This really makes a difference, by my notes. And the little directional change is key.
4. Bullet Seater. Follow the same die-body-lock-ring trick I’ve gone on about, after a bullet has been seated (and also add the index mark). Now, there’s another that may or may not matter, depending on the engineering of your sizing die.
The spring-loaded “sleeve”-type seaters (like the Redding Competition or Forster Benchrest) are already in alignment by the way they’re built, so the seating stem itself can’t be influenced. The die body though can get some help from the lock-ring trick.
If, however, yours is the style where the bullet-seating plug is holding rigidly down inside the seating die much in the same as the expander in a sizing die, that same sort of process as described for centering an expander can work wonders. Loosen the seating stem lock ring, seat a bullet and keep the press handle down while you lock the seating-stem.
Although they’re more expensive, investing in a sleeve-style seating die will certainly help the quality of your loaded rounds. The reason for the sleeve is that it accepts the full length of the case prior to running it up fully to take the bullet. Thus, the case is fully supported against any movement that might get a bullet started off-line.
Here are a few bonus pointers for blissful tooling and process improvements.
Check the bullet seating-stem depth. This is not nearly as much issue now as it once was, but do make sure that the point of the longest bullet you use is not bottoming out inside the seating-stem plug.
The area inside the stem should be touching only at a point on the bullet nose cone, and the farther down the better. If not, then the bullet is free to tilt askew as it’s being seated into the case mouth. The solution: A good local machinist, or give a call to the die manufacturer (most I know have adjusted their newer tooling for the super-long bullets used now).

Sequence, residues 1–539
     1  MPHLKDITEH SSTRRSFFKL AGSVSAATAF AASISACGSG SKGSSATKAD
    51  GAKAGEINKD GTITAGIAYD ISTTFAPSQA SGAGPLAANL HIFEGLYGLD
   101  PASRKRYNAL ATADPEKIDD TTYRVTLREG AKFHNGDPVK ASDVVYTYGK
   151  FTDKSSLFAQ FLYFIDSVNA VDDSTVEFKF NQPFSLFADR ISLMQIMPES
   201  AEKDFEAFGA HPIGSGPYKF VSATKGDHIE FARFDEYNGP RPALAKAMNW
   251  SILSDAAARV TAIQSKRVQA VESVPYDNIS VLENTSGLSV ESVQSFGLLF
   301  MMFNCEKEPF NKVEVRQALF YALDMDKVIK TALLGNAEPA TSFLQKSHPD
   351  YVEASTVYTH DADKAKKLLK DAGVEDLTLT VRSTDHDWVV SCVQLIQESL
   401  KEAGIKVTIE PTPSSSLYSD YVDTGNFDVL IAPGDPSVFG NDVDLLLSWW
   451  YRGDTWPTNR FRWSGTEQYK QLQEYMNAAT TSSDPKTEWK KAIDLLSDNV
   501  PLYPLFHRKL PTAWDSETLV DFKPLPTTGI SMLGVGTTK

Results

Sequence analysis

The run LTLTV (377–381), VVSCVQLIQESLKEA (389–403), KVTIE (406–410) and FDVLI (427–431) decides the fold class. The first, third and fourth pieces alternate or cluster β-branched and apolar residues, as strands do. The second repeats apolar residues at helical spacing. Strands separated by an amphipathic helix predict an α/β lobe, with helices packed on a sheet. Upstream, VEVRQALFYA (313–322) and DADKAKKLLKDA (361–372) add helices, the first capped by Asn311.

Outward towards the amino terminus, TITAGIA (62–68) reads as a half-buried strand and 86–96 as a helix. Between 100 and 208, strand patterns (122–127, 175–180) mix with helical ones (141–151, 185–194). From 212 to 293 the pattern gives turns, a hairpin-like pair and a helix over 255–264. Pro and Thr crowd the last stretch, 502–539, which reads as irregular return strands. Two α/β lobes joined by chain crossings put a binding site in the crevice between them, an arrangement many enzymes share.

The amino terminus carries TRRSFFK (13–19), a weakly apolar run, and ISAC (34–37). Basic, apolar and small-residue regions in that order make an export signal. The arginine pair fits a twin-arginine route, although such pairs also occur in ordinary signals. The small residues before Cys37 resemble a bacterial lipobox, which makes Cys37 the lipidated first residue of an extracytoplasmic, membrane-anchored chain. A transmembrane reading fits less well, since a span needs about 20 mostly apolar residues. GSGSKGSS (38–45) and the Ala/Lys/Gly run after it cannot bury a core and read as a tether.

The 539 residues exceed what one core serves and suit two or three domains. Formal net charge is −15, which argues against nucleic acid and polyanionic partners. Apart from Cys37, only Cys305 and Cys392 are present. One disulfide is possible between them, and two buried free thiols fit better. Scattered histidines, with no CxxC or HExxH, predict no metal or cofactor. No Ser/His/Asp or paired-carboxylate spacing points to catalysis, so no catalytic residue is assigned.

Relax the inside case mouth chamfer. Related to getting a bullet started straight and easy, replace an “old-standard” 45-degree inside chamfer tool with something in the 20-degree-angle range. Big difference! And there’s less jacket damage, especially with thinner-skinned match bullets.
Polish the sizing button. Even if it’s perfectly the right size, running this appliance against 600-grit oiled emery cloth, or using a paste abrasive (such as Flitz) so it gets shiny and slicked up makes a huge difference in how well it works, and that’s from lessening its ill effects (which of course after getting it centered all come from snag and grab).
Lock ring O-rings. Here’s another trick: Install an O-ring under the die body locking ring. Do this for sizers and seaters. This allows some free movement in helping a case center as it’s entering the die because the die itself is free to flex a little.
This design has been standard equipment on Lee-brand dies for decades. And no, the die will not loosen and work its way out of whack. But, still, if you do this one, most definitely index-mark the die ring to the die body and then the ring to the press top, as suggested. That’s also how you know it’s been reinstalled on point.
The O-ring size is ⅞ inch inside diameter and a thickness of ⅛ inch.
It’s an optional means to attain improved alignment. Since I follow my own advice that is provided in this article, I don’t use the O-rings.
One last thing: Never touch the die body itself to thread in or out any die! Hold only the lock ring. That is true for any and all dies, O-rings or not. The reason is really simple: If the die body rotates even a tiny bit, guess who has to set the dang thing up again?
Learn more about the author by visiting his website: Zediker Publishing.
Photos by Glen Zediker